What is Strategy? (Porter)
The definition of strategy nowadays is different to what it used to be. Positioning is too static – nowadays, any competitive advantage is temporary as competitors can copy it quite easily. The article aims at redefining strategy by separating the term from operational effectiveness.
Operational effectiveness (OE) means performing similar activities better than rivals. Better means more efficient, faster, and cheaper. It is necessary to achieve superior profitability. However, while OE is necessary, it is not sufficient. It is not a strategy. A company needs to establish a difference that it can preserve.
Strategy is about being different. Different in a way of choosing a different mix of activities to provide a product or service. Strategic positions can emerge from three distinct sources which serve as a basis for positioning:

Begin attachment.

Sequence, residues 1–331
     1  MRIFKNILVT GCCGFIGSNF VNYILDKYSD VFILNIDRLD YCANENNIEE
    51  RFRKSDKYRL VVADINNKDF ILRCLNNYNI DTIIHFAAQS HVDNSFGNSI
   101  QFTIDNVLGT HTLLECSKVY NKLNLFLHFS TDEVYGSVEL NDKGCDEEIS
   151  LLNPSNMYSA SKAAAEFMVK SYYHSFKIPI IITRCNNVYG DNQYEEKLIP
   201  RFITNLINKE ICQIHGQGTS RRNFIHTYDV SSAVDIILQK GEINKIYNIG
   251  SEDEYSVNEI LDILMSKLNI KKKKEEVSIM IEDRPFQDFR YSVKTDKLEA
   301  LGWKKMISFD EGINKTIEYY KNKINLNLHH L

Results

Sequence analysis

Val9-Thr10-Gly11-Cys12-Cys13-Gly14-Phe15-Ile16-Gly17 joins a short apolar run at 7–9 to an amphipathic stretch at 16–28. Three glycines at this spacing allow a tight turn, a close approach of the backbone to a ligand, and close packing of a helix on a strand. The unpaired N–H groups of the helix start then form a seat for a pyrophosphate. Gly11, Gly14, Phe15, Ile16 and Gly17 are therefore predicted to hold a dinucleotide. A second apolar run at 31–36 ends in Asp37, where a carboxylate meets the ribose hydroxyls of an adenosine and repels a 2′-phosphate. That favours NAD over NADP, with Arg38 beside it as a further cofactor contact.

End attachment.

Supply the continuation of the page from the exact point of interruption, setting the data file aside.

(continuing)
1. Variety-based positioning: A company can specialize in a subset of an industry’s product (e.g. sell chairs only)
2. Needs-based positioning: A company can try to serve more needs of a target group than rivals (e.g. not only sell chairs but furniture for the whole apartment)
3. Access-based positioning: A company can segment customers who are accessible in different ways (e.g. only sell chairs in big cities, or via the internet).
A sustainable strategic position requires trade-offs. Trade-offs become necessary when two activities are incompatible (e.g. you sell low-cost chairs while offering individual customer service). Companies have to make sure that their activities are coherent. This implies refraining from certain activities. Strategy is about choosing what not to do.
Another important aspect is how a company combines activities. By creating a fit among activities, imitators cannot copy the business model as easy anymore. The three types of fit are simple consistency (e.g. everything is low-cost); reinforcement (e.g. specific marketing strategies); and optimization...